Judge Lynn Hughes of the U.S. District Court for the Southern District of Texas in Houston (District Court) dismissed a case brought by greater than 100 employees against their employer, Houston Methodist Hospital. The District Court judge ruled that the wrongful termination claim the employee plaintiffs brought was invalid. The employees filed a lawsuit stating that Houston Methodist Hospital’s COVID-19 vaccine mandate illegally coerced employees to obtain unapproved medicines or treatment. The ruling in Bridges, et al v. Houston Methodist Hospital et al may provide insight into how courts will rule in similar cases filed against employers mandating employees receive a COVID vaccination before returning to the workplace.
On April 1, 2021, Houston Methodist Hospital instituted a policy requiring employees to get vaccinated against COVID-19 by June 7, 2021.
A group of employees protested the hospital’s vaccine mandate and filed a lawsuit requesting the District Court declare that employees did not need to adhere to the policy because it was illegally coercive. The workers argued that the employer’s vaccine mandate would amount to wrongful termination under Texas law. The plaintiff employees also asserted that the policy required them to receive medicine and treatment that was not fully approved by the Food and Drug Administration (FDA) making it unlawful and contrary to public policy to require someone to receive the vaccine.
Judge Hughes dismissed the case, ruling that if Houston Methodist Hospital terminated employees that failed to get vaccinated it would not be a wrongful termination.
According to the District Court’s ruling, the vaccine requirement was not unlawful or coercive. Judge Hughes wrote that, under the Texas at-will employment statutes, an employee can only claim that a private employer committed a wrongful termination if the employer terminates the employee for refusing to commit a criminal act. According to the judge’s ruling, the employees failed to assert the specific illegal act that Houston Methodist Hospital was forcing the employee to commit.
Judge Hughes also held that the employer’s vaccine mandate was permissible because it did not amount to coercion that was against public policy.
Judge Hughes said that the Supreme Court held that compelling individuals to become vaccinated and involuntarily quarantine when exposed to a contagious disease does not violate due process. According to Judge Hughes, that Supreme Court precedent means that employees can be required to get vaccinated without violating public policy. Judge Hughes reasoned further that the plaintiffs’ argument that the FDA had not fully approved the vaccine, making it against public policy to require someone to receive the vaccine, was without merit. The plaintiffs claimed that requiring them to take an unapproved vaccine amounted to an unlawful medical trial which is against public policy and violates an individual’s due process. However, Judge Hughes said that the emergency-use authorization that the COVID-19 vaccines received from the FDA makes them FDA approved. Judge Hughes ruled requiring an individual to receive any FDA-approved vaccine does not equate to illegal required participation in a medical test or trial. Thus, requiring employees to receive a COVID vaccination is not a violation of due process or contrary to public policy.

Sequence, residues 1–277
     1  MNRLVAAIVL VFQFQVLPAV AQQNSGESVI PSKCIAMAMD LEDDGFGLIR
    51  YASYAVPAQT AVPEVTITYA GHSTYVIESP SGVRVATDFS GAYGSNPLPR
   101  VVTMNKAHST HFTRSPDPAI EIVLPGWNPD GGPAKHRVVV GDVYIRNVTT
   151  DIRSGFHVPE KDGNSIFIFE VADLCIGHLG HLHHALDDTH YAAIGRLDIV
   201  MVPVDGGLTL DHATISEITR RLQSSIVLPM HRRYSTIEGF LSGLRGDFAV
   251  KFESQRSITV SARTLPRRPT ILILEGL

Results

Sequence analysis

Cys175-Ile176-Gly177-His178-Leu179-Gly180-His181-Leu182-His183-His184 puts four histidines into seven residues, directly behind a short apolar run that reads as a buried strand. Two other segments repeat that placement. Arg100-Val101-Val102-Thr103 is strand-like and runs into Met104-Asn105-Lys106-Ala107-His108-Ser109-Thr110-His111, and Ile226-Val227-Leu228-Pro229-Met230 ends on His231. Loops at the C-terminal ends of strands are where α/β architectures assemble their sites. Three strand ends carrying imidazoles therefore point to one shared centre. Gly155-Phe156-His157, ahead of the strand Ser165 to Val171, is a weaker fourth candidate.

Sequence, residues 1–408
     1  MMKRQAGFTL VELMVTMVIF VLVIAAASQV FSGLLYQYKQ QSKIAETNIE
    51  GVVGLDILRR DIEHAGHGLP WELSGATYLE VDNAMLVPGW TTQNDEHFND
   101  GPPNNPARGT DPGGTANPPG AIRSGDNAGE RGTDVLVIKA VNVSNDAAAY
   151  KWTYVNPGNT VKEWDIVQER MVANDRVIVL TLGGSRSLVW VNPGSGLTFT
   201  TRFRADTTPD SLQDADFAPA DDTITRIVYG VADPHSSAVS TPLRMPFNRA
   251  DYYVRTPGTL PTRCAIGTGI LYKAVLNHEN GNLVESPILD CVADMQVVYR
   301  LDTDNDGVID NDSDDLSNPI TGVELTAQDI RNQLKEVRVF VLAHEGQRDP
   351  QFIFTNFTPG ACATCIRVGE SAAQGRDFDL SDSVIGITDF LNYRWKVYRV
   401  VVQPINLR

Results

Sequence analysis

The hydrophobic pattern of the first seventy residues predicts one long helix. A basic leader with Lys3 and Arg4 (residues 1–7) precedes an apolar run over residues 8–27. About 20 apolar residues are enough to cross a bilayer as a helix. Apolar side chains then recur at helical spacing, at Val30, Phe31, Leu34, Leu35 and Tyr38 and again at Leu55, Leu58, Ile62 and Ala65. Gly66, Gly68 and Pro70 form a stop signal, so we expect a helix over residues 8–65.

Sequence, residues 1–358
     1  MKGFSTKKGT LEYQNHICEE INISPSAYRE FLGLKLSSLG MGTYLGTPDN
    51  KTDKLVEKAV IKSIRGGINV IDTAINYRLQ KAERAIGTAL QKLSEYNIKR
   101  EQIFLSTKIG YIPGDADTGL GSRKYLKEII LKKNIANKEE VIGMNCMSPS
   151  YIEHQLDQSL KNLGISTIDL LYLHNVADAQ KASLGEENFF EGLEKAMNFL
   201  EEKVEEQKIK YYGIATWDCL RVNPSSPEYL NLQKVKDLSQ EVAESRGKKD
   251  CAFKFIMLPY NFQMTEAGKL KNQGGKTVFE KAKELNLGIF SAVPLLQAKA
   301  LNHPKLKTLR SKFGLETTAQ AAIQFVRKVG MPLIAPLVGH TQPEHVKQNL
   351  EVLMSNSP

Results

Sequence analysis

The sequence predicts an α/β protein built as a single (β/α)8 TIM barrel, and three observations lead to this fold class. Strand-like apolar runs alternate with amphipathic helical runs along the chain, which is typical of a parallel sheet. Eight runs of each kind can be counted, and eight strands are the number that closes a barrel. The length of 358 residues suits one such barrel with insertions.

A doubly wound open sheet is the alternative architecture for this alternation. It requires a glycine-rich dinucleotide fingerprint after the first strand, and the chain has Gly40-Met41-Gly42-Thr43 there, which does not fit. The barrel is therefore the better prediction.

The Dismissal Order stated that federal law and guidance also permits the mandate.
The Equal Employment Opportunity Commission (EEOC) released guidance on May 28, 2021, explaining that employers could implement return-to-work vaccine mandates. The EEOC stated that employers can require vaccinations so long as reasonable accommodations are made for employees with disabilities and religious beliefs. The District Court explained that if the employer threatening to terminate employment when a worker refuses or fails to get the vaccine by a specific deadline does not amount to impermissible coercion. The District Court reasoned that in an at-will work setting, termination of employment for failure to meet an employer requirement to get a vaccine is a permissible incentive in a setting where vaccinated employees make a workplace safer for coworkers and the public being served. Judge Hughes wrote that the plaintiff employees can freely choose to accept or refuse to get vaccinated; however, if they do not follow the mandate, they will need to seek employment elsewhere. Moreover, Judge Hughes said that every employer places limits on employee behavior as part of the employer/employee bargain. According to the District Court ruling, for all of the reasons explained above, the District Court dismissed the case filed by the workers.
The ruling in Bridges, et al v. Houston Methodist Hospital et al may offer guidance on how to implement a vaccine mandate and could be a bellwether for how courts will rule in similar cases.
Judge Hughes’s opinion indicates that in certain employment settings, such as healthcare in the immediate case, where workers must be safe and healthy to take care of others, vaccine mandates are permissible. The ruling also relied on the EEOC’s guidance on employer vaccine programs and provide guidance on how courts may interpret the EEOC’s coercive incentive exclusion and reasonable accommodations requirement. Based on the ruling in Bridges, et al v. Houston Methodist Hospital et al, courts may need compelling evidence to show that termination or restrictions on unvaccinated employees is unduly coercive in similar circumstances as those in the current case. Currently, plaintiffs have filed at least six other lawsuits similar to the one brought by the now-former Houston Methodist Hospital. These courts may follow Judge Hughes’s reasoning to dismiss those cases or rule in favor of the employer. The plaintiff employees appealed the District Court’s ruling to the U.S. Court of Appeals for the Fifth Circuit.
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